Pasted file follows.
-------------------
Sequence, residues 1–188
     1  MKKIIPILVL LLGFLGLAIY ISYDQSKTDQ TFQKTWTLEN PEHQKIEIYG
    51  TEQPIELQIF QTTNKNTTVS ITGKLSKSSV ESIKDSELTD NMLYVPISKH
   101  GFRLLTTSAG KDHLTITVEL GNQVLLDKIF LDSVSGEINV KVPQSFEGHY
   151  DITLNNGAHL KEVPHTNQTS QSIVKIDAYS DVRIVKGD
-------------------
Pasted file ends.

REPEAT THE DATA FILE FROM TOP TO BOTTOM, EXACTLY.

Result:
Sequence, residues 1–188
     1  MKKIIPILVL LLGFLGLAIY ISYDQSKTDQ TFQKTWTLEN PEHQKIEIYG
    51  TEQPIELQIF QTTNKNTTVS ITGKLSKSSV ESIKDSELTD NMLYVPISKH
   101  GFRLLTTSAG KDHLTITVEL GNQVLLDKIF LDSVSGEINV KVPQSFEGHY
   151  DITLNNGAHL KEVPHTNQTS QSIVKIDAYS DVRIVKGD